Consumer Reports spotlights exploding sunroofs after I-TEAM investigation
JACKSONVILLE, Fla. – Consumer Reports issued a new warning Thursday regarding exploding sunroofs, something the I-TEAM has been warning people about for the past 10 months.
I-TEAM investigator Lynnsey Gardner is exposing the growing nationwide problem after an area mother and a combat veteran both called the I-TEAM to investigate.
Consumer Reports listed several vehicles in their top 10 list of brands that are makes and models whose sunroofs have shattered.
Consumer Reports found the problem isn't unique to the list. In fact, there are more than 200 models affected across 35 brands in the U.S. with absolutely no government oversight.
Local mother Theresa Childs told the I-TEAM she was on the interstate when the sunroof flew off her Infiniti G-35 and shattered.
"This type of thing could have killed somebody,” Theresa Childs said.
Army veteran J.P. Ortiz was also on the interstate when the sunroof on his Volvo shattered.
"I was traveling down (Interstate) 95 and suddenly my sunroof exploded without reason or cause," Ortiz said. "I started feeling glass falling on my face.”
Consumer Reports analyzed 20 years of data and found sunroofs have exploded in every month of the year across the nation.
The explosions have been reported while cars were on interstates, country roads and while parked in driveways.
Consumer Reports found 859 accounts with the National Highway Traffic Safety Administration, with most coming since 2011 as sunroofs have grown in size.
Only one make and model -- the Kia Sorento -- was under official review by the NHTSA.
Consumer Reports also noticed some trends. Many sunroofs broke spontaneously without warning, just as Childs and Ortiz told the I-TEAM theirs did. Consumer Reports also found that car manufacturers often blame the consumer, which was the case for both Ortiz and Childs.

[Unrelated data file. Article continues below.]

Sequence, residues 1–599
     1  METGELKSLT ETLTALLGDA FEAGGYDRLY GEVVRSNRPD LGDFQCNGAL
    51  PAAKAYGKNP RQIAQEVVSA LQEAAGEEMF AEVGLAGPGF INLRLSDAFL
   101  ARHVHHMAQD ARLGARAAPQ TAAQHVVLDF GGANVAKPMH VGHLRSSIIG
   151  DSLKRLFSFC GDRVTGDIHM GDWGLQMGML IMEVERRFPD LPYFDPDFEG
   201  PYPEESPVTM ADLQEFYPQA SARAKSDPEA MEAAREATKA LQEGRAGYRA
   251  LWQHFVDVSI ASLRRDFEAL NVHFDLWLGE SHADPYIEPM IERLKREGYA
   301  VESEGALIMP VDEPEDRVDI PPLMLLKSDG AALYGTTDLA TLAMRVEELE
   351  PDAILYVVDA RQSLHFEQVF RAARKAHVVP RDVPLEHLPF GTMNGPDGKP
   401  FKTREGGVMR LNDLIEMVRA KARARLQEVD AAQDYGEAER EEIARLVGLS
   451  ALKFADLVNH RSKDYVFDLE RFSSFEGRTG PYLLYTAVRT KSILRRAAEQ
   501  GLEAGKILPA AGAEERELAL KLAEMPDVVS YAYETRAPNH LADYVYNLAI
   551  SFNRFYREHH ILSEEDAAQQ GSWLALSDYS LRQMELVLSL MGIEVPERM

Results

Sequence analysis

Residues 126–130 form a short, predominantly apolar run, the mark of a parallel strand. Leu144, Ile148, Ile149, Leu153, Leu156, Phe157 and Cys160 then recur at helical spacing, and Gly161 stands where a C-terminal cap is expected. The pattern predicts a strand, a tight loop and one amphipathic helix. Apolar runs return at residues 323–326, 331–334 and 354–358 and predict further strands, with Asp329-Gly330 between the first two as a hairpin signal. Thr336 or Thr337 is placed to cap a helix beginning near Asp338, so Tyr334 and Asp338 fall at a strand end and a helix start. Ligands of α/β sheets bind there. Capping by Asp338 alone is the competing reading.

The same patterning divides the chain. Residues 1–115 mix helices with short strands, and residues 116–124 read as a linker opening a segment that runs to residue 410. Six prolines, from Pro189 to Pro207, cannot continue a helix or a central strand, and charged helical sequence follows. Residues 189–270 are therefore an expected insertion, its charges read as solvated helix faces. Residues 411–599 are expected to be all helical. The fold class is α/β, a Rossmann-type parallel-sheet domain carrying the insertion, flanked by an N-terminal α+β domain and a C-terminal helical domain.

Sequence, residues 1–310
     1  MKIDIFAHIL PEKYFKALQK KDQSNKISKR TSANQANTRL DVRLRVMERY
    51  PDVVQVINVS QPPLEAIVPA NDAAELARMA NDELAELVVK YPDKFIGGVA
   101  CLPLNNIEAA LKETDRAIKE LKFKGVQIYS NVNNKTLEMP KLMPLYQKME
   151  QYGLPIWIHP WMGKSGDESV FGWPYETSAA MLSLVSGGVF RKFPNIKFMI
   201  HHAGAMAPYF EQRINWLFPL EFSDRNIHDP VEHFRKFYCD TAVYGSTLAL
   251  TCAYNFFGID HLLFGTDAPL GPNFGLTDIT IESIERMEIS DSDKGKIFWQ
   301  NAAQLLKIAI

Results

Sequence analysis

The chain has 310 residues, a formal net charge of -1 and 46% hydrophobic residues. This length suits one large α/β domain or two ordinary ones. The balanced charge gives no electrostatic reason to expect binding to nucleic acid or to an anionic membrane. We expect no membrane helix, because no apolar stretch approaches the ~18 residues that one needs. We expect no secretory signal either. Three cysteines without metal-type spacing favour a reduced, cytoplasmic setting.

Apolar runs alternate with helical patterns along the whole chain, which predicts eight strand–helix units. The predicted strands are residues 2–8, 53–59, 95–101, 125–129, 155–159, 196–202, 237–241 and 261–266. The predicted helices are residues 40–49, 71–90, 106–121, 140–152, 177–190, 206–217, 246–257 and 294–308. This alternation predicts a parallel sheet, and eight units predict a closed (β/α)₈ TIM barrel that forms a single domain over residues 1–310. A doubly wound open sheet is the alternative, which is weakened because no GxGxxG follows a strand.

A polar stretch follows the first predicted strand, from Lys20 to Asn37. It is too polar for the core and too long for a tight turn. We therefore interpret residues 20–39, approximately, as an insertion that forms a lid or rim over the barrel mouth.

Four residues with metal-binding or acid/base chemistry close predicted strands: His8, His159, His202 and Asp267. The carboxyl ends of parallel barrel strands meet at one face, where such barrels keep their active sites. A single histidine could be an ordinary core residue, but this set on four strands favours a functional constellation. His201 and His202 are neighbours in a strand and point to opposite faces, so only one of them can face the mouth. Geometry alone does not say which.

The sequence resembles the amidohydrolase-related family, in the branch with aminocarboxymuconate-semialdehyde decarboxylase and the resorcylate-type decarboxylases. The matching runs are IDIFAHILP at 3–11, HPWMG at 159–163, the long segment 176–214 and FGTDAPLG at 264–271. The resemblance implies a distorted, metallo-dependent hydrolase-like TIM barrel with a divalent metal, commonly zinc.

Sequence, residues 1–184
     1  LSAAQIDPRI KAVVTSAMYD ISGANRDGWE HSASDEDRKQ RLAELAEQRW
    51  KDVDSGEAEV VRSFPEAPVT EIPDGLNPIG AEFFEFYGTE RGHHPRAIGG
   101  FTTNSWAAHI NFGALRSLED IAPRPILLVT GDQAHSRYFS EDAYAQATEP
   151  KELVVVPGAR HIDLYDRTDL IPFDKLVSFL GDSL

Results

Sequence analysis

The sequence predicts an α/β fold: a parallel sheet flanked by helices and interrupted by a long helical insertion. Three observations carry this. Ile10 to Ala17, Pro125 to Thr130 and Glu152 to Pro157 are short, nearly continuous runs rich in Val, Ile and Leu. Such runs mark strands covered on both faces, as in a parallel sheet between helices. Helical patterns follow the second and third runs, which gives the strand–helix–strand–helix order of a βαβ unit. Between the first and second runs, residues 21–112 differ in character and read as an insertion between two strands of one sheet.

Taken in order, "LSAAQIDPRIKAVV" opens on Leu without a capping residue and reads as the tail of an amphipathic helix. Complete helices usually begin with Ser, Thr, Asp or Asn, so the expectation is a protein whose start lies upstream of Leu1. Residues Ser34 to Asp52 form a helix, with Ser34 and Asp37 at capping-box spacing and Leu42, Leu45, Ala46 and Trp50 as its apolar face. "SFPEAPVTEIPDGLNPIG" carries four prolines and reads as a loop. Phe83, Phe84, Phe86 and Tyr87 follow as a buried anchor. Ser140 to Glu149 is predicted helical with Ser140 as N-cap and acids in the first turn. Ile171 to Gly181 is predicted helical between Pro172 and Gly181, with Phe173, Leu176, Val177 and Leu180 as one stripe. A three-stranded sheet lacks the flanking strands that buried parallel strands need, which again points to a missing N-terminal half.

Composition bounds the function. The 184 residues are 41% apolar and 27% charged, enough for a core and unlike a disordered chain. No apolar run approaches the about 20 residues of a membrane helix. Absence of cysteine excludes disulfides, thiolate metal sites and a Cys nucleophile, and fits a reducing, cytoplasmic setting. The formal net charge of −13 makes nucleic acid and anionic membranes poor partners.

Volvo told the I-TEAM, "It was likely a projectile that struck the sunroof and caused it to shatter." Volvo refused to pay, forcing Ortiz to pay for repairs.
Consumer Reports writes, "Our investigation has found that, with a few exceptions, automakers are not acknowledging or resolving the issue. It's also clear that the safety standards and regulatory oversight of sunroofs have not kept pace with those dramatic size and design changes and that more needs to be done to guarantee they are safe."
It's believed the problem is much bigger because some consumers are filing complaints with automakers and not federal regulators.
Experts told Consumer Reports they couldn't pinpoint an exact cause but said with larger glass being installed, it's harder to ensure it won't shatter.
Manufacturers recommend installing laminated glass instead of tempered glass. They are also urging federal regulators to take the issue more seriously and consider more investigations and possibly some recalls.
Click here if you wish to file a complaint.
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